Manslaughter charge: jury say 'not guilty'

A MAN had been cleared of the manslaughter of a Morley man who was found dead in his flat days after being hit in the face.

Christopher James Stott, 23, of Malvern Rise, Beeston was found not guilty by a jury at Leeds Crown Court of the manslaughter of Lee Taylor, 38, a former pupil of Bruntcliffe High School, after pleading that he had acted in self defence.

During the five day trial, the court heard how Craig Sharpe, known to both Mr Stott and Mr Taylor, had a casual job as a night watchman of warehouse premises, Climax Works in Garnet Road, Beeston, where the incident had taken place.

On Friday, April 27 this year Mr Sharpe and Mr Taylor had planned to go for a drink and Mr Sharpe asked Mr Stott to do his job at the warehouse in return for 50, to which Mr Stott agreed.

Taking to the witness box, Mr Stott told the court how later that night two of his friends Martin Davison and Michael Kelby arrived at the site.

When asked by defence counsel Miss Kama Melly if inviting his friends was ok he replied: “Yes. Craig said that the job is boring and if you want your mates there they you can ask them to come up.”

He added that shortly after they arrived Mikey left the site to go the a nearby garage.

It was then Mr Stott and Mr Davison decided to hide and jump out on Mr Kelby when he came back.

Mr Stott said: “We hid behind a skip and when Mikey came back we followed him down the yard.

“He’d gone around the corner and I popped my head around and saw another two people were walking up.

“Mikey was walking towards them and I shouted ‘Oy, freeze’.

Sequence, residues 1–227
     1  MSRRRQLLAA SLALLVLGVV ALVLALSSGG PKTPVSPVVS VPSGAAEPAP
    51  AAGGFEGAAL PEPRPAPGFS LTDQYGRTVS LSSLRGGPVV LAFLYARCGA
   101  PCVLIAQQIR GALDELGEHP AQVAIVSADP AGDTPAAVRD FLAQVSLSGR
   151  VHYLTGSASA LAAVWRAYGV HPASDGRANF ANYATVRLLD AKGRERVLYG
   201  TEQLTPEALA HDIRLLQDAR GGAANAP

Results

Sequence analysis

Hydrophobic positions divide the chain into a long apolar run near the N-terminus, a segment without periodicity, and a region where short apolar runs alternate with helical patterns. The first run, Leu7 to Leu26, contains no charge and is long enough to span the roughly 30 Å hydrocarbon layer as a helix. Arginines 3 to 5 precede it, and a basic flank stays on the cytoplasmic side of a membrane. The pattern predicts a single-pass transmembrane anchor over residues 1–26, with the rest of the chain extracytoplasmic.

“I couldn’t see who the other two people were. I only saw it was Craig and Lee when we all got together.”

He added: “Craig asked me how it (the shift) had gone and I said ok. Craig’s mate then started going loopy.

“I couldn’t really hear what he was saying, he was mumbling. He was walking in the middle of us swearing under his breath. He was fuming, waving his hands around.”

He said then Mr Taylor started shining the torch into his face.

“He was shouting ‘you have no authority’, “ he said. “The light was hurting my eyes so I put my head down.

He was still shouting and swearing and I saw his hand was clenched in a fist and moving up.

“I moved back a little and swung my hand up and hit him.”

Asked by Miss Melly why he hit him, Mr Stott replied: “I thought he was going to hit me.

“I hit him in the side of the face and he fell down. His legs collapsed and he fell backwards. I didn’t hit him hard.”

He said that after going back into the compound with Mr Sharpe and Mr Davison, they looked out and saw that Mr Taylor had gone.

When asked by Miss Melly what he would have done if he’d known about the extent of Mr Taylor’s injuries, he said: “I would have rang an ambulance.”

The court heard that on hearing that Mr Taylor had died Mr Stott handed himself into Holbeck Police Station.

It took the jury just 30 minutes to reach a unanimous not guilty verdict.